Last night as I was listening to Bob Dylan’s Blood on the Tracks, I thought of the quote, “Insanity: doing the same thing over and over again and expecting different results.” I could tweak Albert Einstein’s quote to make it relevant to my situation, “Insanity: listening to a Bob Dylan album over and over and expecting to hear different songs.”
This process got me thinking about how important disruption is to innovation, and how simple acts can re-energize and boost creativity. As we are challenged to constructively break free of order to innovative at our organizations, I began to draw parallels to my music habits.
Thanks to a simple twist fate, I have plenty of opportunities to find new music, since my Dad has passed down to me his entire record collection. I’ve now started randomly pulling out a record and sit and listen through the entire album. Just this simple act of pulling out a new record has become disruptive to the music I listen too.
It’s also taught me quite a few things about innovation, and how to avoid the process trap. Oftentimes, we start to fall into a typical pattern on projects, and default to following a familiar process. We may not even explore the process’s validity or if it’s actually helping the team achieve its goals.
Wondering if you’re stuck in the process trap? Here are some of the symptoms:
- You hear the phrase, “it’s the way we’ve always done it.”
- You religiously reference a flow chart during projects.
- You feel like everything is running smoothly.
- You’re not asking questions.
- You’re asking the wrong questions.
- You’re getting bored.
- Projects have that feeling of “we’re missing something.”
But being stuck in the process trap might not necessarily be a bad thing. It’s a hard paradox to navigate. Your team might be excelling. You might be hitting all your goals and meeting mandates. You might have put in hard work to reform a service, and it’s worked so well it’s become second nature. You could even be getting more work done faster and more efficiently.
These are all great things that our organizations strive for. Yet it comes with a risk of getting stuck in process, and not being able to seize opportunity and build on success.
That’s a situation that no one wants. Do you want to break free of the process trap? Here are some ideas:
1. Be Disruptive
How can you change anything if you’re afraid to be disruptive? Disruption has a somewhat negative connotation, but it’s essential to break free and innovate. It may even be something as simple as moving a meeting time or going for a mid-afternoon walk. Do something that triggers your brain to think a bit differently, and take a look at projects from an alternate perspective.
2. Constant Quest for Excellence
Being on a quest for excellence means that you are taking your organization to new heights. You’re not afraid to push the bounds and refuse to settle for meritocracy. This means you are always looking for new ways to improve your product, how you engage with citizens or new ways to deliver services. But this also means you have a way to celebrate success, and build momentum going forward. It’s a fine balancing of honoring good work, and pushing the team forward.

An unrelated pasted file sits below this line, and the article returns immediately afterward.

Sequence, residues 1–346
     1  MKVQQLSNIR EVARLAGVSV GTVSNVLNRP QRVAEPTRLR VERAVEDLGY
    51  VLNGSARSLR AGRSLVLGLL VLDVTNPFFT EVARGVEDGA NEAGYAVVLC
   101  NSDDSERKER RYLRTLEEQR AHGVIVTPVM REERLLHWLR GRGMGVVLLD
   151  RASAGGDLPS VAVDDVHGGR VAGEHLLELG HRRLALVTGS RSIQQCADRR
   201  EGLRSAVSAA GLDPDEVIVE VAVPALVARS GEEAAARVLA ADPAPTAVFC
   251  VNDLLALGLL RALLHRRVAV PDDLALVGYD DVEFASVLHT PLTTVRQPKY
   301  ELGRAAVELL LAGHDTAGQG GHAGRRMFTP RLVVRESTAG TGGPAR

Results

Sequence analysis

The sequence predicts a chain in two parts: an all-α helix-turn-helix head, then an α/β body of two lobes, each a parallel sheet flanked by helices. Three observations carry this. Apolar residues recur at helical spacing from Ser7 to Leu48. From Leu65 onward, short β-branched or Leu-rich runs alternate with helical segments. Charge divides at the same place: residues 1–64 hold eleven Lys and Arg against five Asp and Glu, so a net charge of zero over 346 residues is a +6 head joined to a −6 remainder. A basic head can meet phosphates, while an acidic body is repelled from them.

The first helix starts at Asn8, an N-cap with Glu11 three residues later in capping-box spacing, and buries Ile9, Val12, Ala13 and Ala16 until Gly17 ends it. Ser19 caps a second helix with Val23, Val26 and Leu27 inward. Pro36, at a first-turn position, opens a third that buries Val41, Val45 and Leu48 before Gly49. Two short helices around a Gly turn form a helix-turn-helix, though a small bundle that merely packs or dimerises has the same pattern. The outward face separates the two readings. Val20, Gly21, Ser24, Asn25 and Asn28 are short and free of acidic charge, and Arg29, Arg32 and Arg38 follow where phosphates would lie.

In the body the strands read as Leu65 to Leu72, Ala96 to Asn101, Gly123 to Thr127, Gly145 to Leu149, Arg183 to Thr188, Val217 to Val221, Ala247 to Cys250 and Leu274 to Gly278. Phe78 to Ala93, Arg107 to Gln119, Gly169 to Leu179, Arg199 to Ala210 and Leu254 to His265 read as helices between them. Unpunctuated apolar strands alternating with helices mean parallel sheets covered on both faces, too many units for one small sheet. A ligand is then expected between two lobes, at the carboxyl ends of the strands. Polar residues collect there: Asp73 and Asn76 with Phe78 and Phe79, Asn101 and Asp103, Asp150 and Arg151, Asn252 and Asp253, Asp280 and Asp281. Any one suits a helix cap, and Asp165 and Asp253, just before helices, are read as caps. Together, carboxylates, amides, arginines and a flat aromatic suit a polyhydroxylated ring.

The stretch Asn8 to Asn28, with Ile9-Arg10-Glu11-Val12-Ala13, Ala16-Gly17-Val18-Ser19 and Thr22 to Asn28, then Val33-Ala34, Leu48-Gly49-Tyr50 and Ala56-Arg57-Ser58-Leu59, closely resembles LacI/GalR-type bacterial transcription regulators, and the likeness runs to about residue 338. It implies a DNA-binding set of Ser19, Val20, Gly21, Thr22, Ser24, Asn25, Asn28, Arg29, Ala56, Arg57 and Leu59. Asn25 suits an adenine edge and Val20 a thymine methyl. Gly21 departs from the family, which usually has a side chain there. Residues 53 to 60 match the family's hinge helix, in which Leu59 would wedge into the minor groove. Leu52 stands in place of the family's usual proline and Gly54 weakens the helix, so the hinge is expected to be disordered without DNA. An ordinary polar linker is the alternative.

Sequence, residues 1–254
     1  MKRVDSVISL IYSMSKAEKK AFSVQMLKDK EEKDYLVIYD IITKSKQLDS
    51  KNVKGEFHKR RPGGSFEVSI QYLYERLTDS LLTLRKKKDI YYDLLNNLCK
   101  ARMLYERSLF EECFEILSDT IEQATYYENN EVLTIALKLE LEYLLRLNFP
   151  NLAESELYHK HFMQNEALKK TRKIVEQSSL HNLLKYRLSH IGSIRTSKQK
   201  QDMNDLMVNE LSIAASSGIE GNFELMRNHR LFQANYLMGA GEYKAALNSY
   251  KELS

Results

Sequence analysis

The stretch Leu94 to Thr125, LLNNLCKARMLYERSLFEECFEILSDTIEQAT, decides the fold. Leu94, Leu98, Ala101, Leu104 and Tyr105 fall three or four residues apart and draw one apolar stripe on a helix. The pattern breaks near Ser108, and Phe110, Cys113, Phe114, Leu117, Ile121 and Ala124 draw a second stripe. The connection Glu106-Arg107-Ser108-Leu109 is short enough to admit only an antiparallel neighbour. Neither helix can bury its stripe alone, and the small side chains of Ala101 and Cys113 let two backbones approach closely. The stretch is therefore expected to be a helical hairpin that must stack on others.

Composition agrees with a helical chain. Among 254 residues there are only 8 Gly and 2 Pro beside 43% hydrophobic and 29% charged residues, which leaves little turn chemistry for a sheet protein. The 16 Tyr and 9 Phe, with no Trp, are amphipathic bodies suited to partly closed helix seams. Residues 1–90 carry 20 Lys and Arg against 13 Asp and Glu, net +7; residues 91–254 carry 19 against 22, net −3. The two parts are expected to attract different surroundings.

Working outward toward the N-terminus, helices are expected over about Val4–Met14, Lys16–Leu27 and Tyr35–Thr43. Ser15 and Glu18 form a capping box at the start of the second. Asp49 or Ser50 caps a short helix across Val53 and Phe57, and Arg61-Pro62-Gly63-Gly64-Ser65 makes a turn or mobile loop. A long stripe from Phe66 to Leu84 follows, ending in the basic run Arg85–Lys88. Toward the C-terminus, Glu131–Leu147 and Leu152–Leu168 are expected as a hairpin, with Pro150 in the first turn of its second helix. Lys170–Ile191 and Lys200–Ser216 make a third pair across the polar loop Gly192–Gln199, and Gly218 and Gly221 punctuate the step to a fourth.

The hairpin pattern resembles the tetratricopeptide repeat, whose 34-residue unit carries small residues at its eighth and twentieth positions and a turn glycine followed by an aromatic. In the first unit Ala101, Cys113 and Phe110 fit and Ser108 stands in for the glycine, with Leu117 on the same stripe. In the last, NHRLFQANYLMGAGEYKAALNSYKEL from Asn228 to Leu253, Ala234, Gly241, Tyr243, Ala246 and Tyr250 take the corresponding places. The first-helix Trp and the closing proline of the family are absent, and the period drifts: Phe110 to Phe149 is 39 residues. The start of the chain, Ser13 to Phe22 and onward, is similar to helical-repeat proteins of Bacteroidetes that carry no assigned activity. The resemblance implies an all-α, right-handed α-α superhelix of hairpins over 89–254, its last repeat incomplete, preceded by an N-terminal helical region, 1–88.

We’ve all been there when we are pressed to hit deadlines and we rely on the tried and true. But to excel and take your organizations to new heights, it requires you to think larger, and push yourself outside your comfort zone. Helping your team to break out of the process trap is the first step to unlocking creativity and delivering even more success.
3. Fail Fast, Fail Smart
Not everything you’re going to do is going to work. If you find yourself running in circles, and projects and process are failing, don’t wait to interject and fix them. Be smart on failure – accept that it’s inevitable when you’re trying new things. Some context: about a week after I gave a presentation that wasn’t my best, I asked a colleague for some speaking tips. “Pat, sometimes you’re just going to tank,” he said. “You have to realize it’s ok, and move on to the next opportunity.”
The same is true in any project or process – move on and look for ways to improve. You can’t get hung up on a failure. And you know what? The next presentation I gave was one of my best. Bob Dylan sums up failure perfectly: “There’s no success like failure, but failure is no success at all.”
What’s holding you back?
Photo credit: FlickR Creative Commons, Record Player, License, posted by: Hoffnungsschimmer
I think one of the obstacles to being free of “the process trap” is that the process is often owned by multiple stakeholders, each comfortably ensconced in their own silo. Breaking free is easy enough to do if one is the entire owner of the process. But when the components of the process are distributed amongst many, change is hard.
Of course, the difficulty with government is that the process IS often broadly distributed, ostensibly in the interests of “efficiency”. Ironic that it becomes the barrier to efficiency so often.